4. Make sure you consider the impact of light into your home 

If you live in a terraced property and extend to the side, you might block out some of the light to your home. Consider incorporating a roof lantern or glass roof to allow more light in. The more light you get into your home, the more spacious and calm it will feel.

Adding roof lanterns and glazed ceiling are more expensive than a standard roof, however you don't want to have a beautiful new kitchen which is very dark; try and maximise the light as much as you can.

Extension by archangels Architects


5. Do you need to upgrade your plumbing and heating?

When you are planning an extension you need to consider whether your existing heating system will be able to provide for your new home.

If you are adding additional bathrooms it's worth considering changing to a conventional boiler if you have a combi.

You also might want to add in underfloor heating to a kitchen extension. Thinking of these details early on will help when planning an extension as they need to be budgeted for and also should be factored in early in the build process.


6. Be clear on what budget you have

Firstly, get a ballpark figure for how much your extension may cost. Our extension cost calculator will give you a high level figure based on the size, specification, which rooms you are adding and where you live in the country.

Then it's important to work out what funds you have available for the extension. It may be that your extension will cost significantly more than you originally thought, so you can decide whether to do it now or wait.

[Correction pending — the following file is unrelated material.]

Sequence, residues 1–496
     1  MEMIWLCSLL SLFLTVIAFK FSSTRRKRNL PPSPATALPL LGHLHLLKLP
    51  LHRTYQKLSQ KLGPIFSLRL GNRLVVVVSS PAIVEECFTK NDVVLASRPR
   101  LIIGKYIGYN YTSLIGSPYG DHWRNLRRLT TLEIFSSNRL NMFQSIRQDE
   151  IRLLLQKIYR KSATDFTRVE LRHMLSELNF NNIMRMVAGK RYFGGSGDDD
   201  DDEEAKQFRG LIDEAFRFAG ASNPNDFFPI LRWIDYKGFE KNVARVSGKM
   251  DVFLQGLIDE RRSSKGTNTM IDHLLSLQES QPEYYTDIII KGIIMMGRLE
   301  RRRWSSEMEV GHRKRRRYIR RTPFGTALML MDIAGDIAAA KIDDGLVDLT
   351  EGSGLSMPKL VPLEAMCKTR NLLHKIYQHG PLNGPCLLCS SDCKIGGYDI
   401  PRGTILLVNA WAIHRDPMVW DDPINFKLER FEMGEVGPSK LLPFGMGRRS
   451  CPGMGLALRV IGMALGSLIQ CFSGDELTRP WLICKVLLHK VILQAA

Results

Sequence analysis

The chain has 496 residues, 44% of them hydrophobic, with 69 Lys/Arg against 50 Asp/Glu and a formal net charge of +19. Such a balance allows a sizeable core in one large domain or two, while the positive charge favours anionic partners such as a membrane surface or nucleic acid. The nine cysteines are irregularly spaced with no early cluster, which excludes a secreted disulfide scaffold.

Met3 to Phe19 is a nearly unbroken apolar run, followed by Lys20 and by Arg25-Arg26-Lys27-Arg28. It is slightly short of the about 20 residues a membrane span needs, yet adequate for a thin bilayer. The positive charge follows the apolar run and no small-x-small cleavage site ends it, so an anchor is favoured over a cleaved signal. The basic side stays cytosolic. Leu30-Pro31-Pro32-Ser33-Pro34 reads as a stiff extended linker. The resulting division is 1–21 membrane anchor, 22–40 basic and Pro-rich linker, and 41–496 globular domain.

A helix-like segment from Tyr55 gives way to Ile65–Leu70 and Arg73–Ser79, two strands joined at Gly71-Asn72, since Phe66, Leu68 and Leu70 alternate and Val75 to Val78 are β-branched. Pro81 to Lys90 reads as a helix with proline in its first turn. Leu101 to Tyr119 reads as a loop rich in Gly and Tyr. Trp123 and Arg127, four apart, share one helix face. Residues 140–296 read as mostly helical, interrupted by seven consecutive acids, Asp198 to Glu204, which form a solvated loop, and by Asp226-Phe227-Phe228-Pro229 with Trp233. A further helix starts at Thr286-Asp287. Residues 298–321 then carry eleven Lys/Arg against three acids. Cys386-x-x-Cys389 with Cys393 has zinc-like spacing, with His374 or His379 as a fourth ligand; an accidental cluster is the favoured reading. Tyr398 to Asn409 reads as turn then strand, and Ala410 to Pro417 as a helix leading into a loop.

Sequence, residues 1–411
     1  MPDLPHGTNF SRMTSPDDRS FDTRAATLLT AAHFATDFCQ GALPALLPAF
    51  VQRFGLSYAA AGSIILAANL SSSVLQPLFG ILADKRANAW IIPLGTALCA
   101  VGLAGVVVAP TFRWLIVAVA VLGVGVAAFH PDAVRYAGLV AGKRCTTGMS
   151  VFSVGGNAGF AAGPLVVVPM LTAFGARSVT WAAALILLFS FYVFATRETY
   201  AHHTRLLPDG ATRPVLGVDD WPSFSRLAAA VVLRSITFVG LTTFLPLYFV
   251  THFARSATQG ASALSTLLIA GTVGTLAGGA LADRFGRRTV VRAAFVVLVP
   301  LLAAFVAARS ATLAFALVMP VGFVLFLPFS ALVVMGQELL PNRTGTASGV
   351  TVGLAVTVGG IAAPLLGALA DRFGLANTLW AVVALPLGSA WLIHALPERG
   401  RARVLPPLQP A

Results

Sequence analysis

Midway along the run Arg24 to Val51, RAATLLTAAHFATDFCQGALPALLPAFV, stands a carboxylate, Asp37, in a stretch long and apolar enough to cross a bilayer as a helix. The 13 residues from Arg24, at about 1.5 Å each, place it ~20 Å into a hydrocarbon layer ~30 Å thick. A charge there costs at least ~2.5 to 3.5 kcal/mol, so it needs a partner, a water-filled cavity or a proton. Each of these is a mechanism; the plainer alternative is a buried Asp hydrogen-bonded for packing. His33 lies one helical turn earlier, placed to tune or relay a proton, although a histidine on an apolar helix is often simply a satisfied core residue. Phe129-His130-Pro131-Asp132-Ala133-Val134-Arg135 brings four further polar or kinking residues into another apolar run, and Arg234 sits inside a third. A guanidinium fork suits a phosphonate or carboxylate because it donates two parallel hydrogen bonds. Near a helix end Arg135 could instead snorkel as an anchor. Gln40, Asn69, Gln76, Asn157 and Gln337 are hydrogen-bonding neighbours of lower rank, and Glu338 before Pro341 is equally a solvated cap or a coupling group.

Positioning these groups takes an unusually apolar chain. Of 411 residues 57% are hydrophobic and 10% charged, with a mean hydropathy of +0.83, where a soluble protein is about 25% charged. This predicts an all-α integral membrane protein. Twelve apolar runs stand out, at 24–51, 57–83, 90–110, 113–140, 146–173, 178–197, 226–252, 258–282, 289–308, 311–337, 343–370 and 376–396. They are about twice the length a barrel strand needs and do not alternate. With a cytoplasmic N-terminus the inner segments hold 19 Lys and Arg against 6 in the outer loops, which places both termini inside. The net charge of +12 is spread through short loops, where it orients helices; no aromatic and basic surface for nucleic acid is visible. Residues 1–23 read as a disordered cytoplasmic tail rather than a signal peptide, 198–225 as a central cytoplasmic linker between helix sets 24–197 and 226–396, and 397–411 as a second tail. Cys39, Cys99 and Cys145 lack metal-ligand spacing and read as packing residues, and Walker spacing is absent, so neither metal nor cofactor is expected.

Once you are comfortable with your budget, this will determine what you can do in terms of style and finish, which will help your architect when they are carrying out the plans.

Extension by Hough Architecture


7. Be aware of all the relevant permissions and notices

Planning permission is the most obvious permission that you need to consider when planning an extension.

In many cases your extension will be within permitted development, which means you don't need to apply for planning permission. However, this is subject to many things, including the size, style and your particular home and location. To find out more about when planning permission is required, read Your Guide - Planning Permission.

Even if your extension is within permitted development, you will still need building control approval when you are carrying out structural work. Building regulations ensure that your building work meets a minimum standard and building control approval is always required. To find out more read Your Guide - Building Regulations.

Many types of extensions in England and Wales will also require you to serve A Party Wall notice to your neighbours, particularly if you are carrying out work in a terraced or semi-detached home. To find out more read our Expert Advice - Party Wall Act.